Pericarditis

What is Pericarditis

Pericarditis is inflammation of the pericardium. The pericardium is a thin, double-layered, fluid-filled sac that surrounds your heart. The pericardium protects and holds your heart in your chest cavity.

Inflammation of your pericardium can cause rubbing (friction) between the two layers when your heart beats. Fluid may also build up between the layers of the sac (pericardial effusion).

6 Interesting Facts of Pericarditis

  1. Acute or chronic inflammation of the pericardium, most commonly caused by a virus
    • Other causes include nonviral infections, autoimmune diseases, uremia, previous myocardial infarction, cardiac surgery, malignancies, radiation, medications, and trauma
  2. Presentation may be similar to myocarditis with difficulty breathing, chest pain, and diminished cardiac output secondary to pericardial effusion and tamponade 
  3. Characteristic chest pain associated with pericarditis may help differentiate conditions; chest pain exacerbated by cough, inspiration, and supine positioning that improves with leaning forward suggests pericarditis 
  4. Presence of a pericardial friction rub is pathognomonic for pericarditis but not universally appreciable on examination; presence of pulsus paradoxus suggests tamponade or constrictive pericarditis; Beck triad (ie, hypotension, increased jugular venous pressure, muffled heart sounds) suggests tamponade physiology 
  5. Acute pericarditis may be diagnosed with 2 of 4 manifestations: chest pain, pericardial friction rub, characteristic ECG findings (diffuse ST elevation and PR depression), and pericardial effusion on echocardiogram
  6. Cardiac MRI may be required to differentiate the 2 conditions if diagnosis remains uncertain

There are three types of this condition:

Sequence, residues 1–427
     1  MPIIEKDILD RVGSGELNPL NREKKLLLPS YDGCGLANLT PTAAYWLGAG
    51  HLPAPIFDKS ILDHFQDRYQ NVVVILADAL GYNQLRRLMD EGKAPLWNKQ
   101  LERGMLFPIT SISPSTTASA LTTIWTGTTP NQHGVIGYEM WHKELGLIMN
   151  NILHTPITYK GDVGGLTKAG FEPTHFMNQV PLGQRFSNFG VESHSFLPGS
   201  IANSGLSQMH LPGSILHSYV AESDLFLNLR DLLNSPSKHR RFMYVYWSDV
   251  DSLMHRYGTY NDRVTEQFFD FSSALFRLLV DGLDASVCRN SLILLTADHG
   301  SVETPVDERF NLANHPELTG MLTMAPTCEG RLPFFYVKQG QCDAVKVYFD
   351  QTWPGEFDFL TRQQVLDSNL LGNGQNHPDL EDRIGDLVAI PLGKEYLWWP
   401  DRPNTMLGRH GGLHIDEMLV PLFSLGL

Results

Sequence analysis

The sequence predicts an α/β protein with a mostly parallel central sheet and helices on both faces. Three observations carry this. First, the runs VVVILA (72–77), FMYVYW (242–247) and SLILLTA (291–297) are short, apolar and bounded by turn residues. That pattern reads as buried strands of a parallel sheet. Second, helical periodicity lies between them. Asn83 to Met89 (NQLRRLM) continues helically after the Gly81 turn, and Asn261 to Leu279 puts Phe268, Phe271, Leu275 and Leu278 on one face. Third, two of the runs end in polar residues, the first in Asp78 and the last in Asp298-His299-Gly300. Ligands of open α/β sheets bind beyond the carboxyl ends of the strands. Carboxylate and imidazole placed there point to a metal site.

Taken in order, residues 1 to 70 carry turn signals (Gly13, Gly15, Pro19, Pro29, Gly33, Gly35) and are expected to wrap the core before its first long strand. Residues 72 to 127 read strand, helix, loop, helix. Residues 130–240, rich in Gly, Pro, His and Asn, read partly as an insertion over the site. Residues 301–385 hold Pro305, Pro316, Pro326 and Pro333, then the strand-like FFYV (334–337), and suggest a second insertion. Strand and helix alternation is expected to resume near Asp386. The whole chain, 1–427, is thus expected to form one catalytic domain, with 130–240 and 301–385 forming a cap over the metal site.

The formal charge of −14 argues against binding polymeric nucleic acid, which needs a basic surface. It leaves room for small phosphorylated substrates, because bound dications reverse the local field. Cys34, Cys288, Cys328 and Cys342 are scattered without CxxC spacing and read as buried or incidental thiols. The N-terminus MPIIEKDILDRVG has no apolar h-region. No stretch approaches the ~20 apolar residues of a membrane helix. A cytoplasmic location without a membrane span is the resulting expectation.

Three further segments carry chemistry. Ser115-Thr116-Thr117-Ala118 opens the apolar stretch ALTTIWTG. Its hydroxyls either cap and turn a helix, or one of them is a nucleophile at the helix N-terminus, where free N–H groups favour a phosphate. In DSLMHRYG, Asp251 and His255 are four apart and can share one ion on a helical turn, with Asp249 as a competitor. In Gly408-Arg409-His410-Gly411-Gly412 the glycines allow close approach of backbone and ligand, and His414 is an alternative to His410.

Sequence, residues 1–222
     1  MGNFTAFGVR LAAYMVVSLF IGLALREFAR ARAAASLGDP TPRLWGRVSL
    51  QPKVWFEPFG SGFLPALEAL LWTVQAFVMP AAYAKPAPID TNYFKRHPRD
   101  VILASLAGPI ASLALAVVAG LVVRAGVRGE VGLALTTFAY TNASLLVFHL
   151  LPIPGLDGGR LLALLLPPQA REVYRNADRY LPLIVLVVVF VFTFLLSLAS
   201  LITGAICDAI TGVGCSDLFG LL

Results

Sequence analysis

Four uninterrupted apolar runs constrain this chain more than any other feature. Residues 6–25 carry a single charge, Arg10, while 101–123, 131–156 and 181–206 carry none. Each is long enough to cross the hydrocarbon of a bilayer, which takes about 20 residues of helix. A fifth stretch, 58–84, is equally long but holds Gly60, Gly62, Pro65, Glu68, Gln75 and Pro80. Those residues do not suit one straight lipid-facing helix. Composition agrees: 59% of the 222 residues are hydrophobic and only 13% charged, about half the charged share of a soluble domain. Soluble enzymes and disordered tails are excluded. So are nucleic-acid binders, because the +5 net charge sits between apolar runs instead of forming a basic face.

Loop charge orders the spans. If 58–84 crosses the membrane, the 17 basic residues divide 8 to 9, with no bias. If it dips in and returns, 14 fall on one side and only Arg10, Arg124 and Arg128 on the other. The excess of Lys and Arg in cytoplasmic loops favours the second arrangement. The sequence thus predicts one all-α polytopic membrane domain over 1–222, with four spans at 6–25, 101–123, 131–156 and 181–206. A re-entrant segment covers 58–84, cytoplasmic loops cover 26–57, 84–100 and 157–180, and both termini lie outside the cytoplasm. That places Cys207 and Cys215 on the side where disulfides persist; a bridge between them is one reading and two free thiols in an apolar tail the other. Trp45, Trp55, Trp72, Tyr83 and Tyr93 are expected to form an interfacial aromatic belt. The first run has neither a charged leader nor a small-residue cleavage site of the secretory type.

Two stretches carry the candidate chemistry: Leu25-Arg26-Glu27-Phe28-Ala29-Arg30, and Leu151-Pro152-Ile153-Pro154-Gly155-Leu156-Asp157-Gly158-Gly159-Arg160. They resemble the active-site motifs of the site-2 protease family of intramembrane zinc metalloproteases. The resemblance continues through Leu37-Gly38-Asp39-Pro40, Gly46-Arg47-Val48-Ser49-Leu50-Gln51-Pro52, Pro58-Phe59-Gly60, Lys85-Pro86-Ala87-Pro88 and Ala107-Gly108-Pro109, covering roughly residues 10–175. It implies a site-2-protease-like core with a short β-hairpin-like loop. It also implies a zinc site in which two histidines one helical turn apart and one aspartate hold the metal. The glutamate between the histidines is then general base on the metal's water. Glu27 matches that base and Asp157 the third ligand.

• Acute pericarditis. Inflammation develops suddenly and causes pericardial effusion.
  • Chronic pericarditis. Inflammation may develop slowly, or it may continue after acute pericarditis and last longer than 6 months.
  • Constrictive pericarditis (rare). The layers of the pericardium stiffen and develop scar tissue. The scar tissue thickens and sticks together. This makes it difficult for the heart to work in a normal way.

In most cases, pericarditis is acute and not serious. Chronic pericarditis and constrictive pericarditis are more serious and may require treatment.

What are the causes?

In most cases, the cause of this condition is not known. If a cause is found, it may be:

  • An infection from a virus.
  • A heart attack (myocardial infarction).
  • Problems after open-heart surgery.
  • Chest injury.
  • Autoimmune disorder. The body’s defense system (immune system) attacks healthy tissues. Examples include lupus or rheumatoid arthritis.
  • Kidney failure.
  • Underactive thyroid gland (hypothyroidism).
  • Cancer that has spread (metastasized) to the pericardium from another part of the body.
  • Treatment using high-energy X-rays (radiation).
  • Certain medicines, including some seizure medicines, blood thinners, heart medicines, and antibiotics.
  • Infection from a fungus or bacteria (rare).

What increases the risk?

The following factors may make you more likely to develop this condition:

  • Being male.
  • Being 20–50 years old.
  • Having had pericarditis before.
  • Having had a recent upper respiratory tract infection.

What are the signs or symptoms?

The main symptom of this condition is chest pain. The chest pain may:

  • Be in the center or the left side of your chest.
  • Not go away with rest.
  • Last for many hours or days.
  • Worsen when you lie down and get better when you sit up and lean forward.